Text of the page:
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Re: std::span

From: Mario Charest <stayprivate_at_[hidden]>
Date: Wed, 15 Apr 2020 12:48:45 -0400

Sorry for the repost my original reply was not sent to lists.isocpp.org but
to you only. I made some changes addition to it.

Thanks for the very detailed answer. Indeed the GSL library provides an
at() free fonction. That being said I disagree with some of your statement.

- The compile time argument: Modules are designed to fixed this? More
importantly std::span uses std::array which does have at(), so stdexcept
and string will end up being included anyway. Seems like the price is
already paid for?
- The free function at() is not part of C++20. One has to create a "non
standard" way of dealing with this while most containers do provide such
functionality. In my case I'm doing maintenance at the moment, want to
replace some pointers stuff with span (using GSL span in C++17). But now I
need to create a new function, put it in our libs, testcases, release that,
train user,
- Abseil own implementation of span provides the function. GSL does not
though. Might actually be simpler to customizes GSL's <span> and add at()
to it than create an at()/template that will always feels like an
unatural thing.
- It's there for most containers, bite the bullet (if there is a bullet in
the first place) and wait for std2 to rework the design.
- Do we really need yet another non orthogonal thingy.
- Readability
  - data[10][10]
  - data.at(10).at(10)
  - at(at(data,10),10) // I felt a bunch of my neurones explode on that
one. And I did not put in the namespaces. That would could mean including
<range> ? I'm guessing <range> might be as costly as <string>.



On Tue, Apr 14, 2020 at 11:22 PM JeanHeyd Meneide <phdofthehouse_at_[hidden]>

> Dear Mario,
> On Tue, Apr 14, 2020 at 9:52 PM Mario Charest via Std-Proposals <
> std-proposals_at_[hidden]> wrote:
>> ...
>> What is the rational for std::span not having an at() fonction, like most
>> other contiguous container.
> Because at() is a mistake for string view and all other cheap view types;
> that we made the mistake with string_view is unfortunate.
> There are two problems with at() as a member function, today.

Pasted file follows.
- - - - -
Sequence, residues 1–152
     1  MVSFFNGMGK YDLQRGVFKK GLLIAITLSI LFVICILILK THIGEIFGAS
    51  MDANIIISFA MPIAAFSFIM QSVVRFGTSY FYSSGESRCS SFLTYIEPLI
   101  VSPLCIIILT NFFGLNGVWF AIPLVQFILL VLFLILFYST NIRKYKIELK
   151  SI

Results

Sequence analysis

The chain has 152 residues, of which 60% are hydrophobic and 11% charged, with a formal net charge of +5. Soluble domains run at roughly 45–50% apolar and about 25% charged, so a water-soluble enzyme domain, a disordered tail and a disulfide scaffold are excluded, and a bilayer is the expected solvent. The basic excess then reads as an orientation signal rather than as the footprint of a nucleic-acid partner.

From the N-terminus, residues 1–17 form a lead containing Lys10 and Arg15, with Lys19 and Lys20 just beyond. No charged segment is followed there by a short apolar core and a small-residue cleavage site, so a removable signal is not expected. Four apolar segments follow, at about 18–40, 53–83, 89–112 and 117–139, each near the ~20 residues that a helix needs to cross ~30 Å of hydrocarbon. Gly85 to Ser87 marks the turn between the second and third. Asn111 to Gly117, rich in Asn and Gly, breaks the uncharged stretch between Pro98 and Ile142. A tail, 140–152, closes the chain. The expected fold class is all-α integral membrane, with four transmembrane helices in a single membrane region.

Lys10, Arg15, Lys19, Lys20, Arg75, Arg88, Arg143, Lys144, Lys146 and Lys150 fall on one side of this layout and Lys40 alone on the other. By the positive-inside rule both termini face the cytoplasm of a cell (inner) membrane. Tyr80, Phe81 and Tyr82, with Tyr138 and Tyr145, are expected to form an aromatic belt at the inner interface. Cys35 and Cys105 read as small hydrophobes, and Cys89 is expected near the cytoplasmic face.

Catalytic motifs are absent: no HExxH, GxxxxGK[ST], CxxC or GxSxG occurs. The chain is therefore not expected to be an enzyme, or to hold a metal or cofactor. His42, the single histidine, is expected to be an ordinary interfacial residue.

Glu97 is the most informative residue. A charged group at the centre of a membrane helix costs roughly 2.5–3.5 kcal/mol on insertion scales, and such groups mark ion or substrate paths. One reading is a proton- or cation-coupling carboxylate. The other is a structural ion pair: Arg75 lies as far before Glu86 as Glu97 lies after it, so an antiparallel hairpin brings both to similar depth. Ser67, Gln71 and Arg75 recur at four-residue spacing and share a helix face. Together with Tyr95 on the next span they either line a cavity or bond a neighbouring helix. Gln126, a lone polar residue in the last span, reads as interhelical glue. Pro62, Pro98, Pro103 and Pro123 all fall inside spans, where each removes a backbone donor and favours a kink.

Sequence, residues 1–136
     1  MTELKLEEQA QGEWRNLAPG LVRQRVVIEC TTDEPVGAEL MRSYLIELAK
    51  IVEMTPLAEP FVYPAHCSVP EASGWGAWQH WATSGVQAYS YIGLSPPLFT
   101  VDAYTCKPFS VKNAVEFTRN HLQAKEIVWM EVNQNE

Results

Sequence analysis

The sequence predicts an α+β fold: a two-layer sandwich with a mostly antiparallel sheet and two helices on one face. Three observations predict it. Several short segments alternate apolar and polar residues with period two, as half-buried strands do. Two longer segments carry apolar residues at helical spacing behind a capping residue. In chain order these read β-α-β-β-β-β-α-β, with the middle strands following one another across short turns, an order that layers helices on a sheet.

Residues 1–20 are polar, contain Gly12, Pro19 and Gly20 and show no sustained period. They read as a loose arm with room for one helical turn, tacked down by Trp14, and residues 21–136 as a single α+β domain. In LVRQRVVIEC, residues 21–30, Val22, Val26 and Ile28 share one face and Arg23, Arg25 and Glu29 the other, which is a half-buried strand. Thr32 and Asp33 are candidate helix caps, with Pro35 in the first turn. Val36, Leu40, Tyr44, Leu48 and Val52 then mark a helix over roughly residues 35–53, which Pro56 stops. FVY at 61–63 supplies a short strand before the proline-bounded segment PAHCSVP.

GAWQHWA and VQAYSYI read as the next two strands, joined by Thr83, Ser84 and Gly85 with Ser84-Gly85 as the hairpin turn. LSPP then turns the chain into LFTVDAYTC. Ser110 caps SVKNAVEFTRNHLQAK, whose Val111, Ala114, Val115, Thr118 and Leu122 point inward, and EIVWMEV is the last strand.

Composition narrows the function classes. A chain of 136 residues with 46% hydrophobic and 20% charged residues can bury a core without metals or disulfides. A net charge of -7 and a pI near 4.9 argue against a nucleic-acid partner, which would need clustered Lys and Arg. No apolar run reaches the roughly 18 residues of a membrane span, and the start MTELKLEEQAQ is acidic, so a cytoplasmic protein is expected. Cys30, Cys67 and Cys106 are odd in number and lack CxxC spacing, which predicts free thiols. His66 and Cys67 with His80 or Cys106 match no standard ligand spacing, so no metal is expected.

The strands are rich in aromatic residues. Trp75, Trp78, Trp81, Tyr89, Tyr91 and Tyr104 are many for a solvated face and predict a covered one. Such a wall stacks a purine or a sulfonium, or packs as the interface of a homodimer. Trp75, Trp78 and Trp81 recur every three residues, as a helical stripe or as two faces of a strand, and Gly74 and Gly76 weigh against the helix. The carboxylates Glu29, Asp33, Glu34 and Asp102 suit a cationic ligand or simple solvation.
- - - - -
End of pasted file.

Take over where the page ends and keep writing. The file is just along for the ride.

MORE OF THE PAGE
> The first is it's design. at() should not be a member function, and should
> never have been implemented as one. at() should have been a free function
> defined something like this:
> template <typename Whatever>
> decltype(auto) at (Whatever& __whatever, typename
> ::std::remove_cvref_t<Whatever>::difference_type __index)
> noexcept(noexcept( ::std::data(__whatever))) {
> if (std::size(__whatever) >= __index)
> throw ::std::out_of_range("out of range");
> return *(::std::data(__whatever) + __index);
> }
> This:
> - Is not a member function so is decoupled from everything and does
> not require exceptions baked into something that can live without it
> - Makes it easy to pick between "I want checking" and "I don't want
> checking", explicitly, by the user
> - Works for every contiguous view/container, whether it exists in the
> standard or not
> It scales better, works nicer, and can be isolated with other such
> "checking" functions. Very nice.
> The second is the contention that comes from C++'s exceptions burden.
> One of the biggest problems (and biggest benefits) of at() is that it
> throws an exception on out-of-bounds. This is cute and nice and wonderful,
> save for that in C++ this means bringing in a dependency on using "throw",
> and throwing a standard exception. All standard exceptions defined in the
> standard library -- out_of_range(), for example -- have a constructor that
> takes a std::string, because the string view technology wasn't there yet.
> This WOULD cost every person using the span header enormously, and makes
> presenting these things in Freestanding-As-We-Would-Like-It -- with no
> exceptions and other things -- difficult. std::string also transitively
> does things like bring in iostreams and other header garbage. Many
> implementations have spent plenty of man-hours trying to increase forward
> declarations and other tricks to save on compile time for doing #include
> <string>. If <span> had to do this, we would tank people's compile times
> for just an exception and a string. Again.
> Right now, <span> is a nice header that does not add an extra method for
> bounds checking that drags in an exceptions dependency and a strings
> dependency, and it would be well to keep this way for all eternity.
> That being said, maybe an at() free function should be proposed and dumped
> into some safety header for standard C++.

Received on 2020-04-15 11:51:52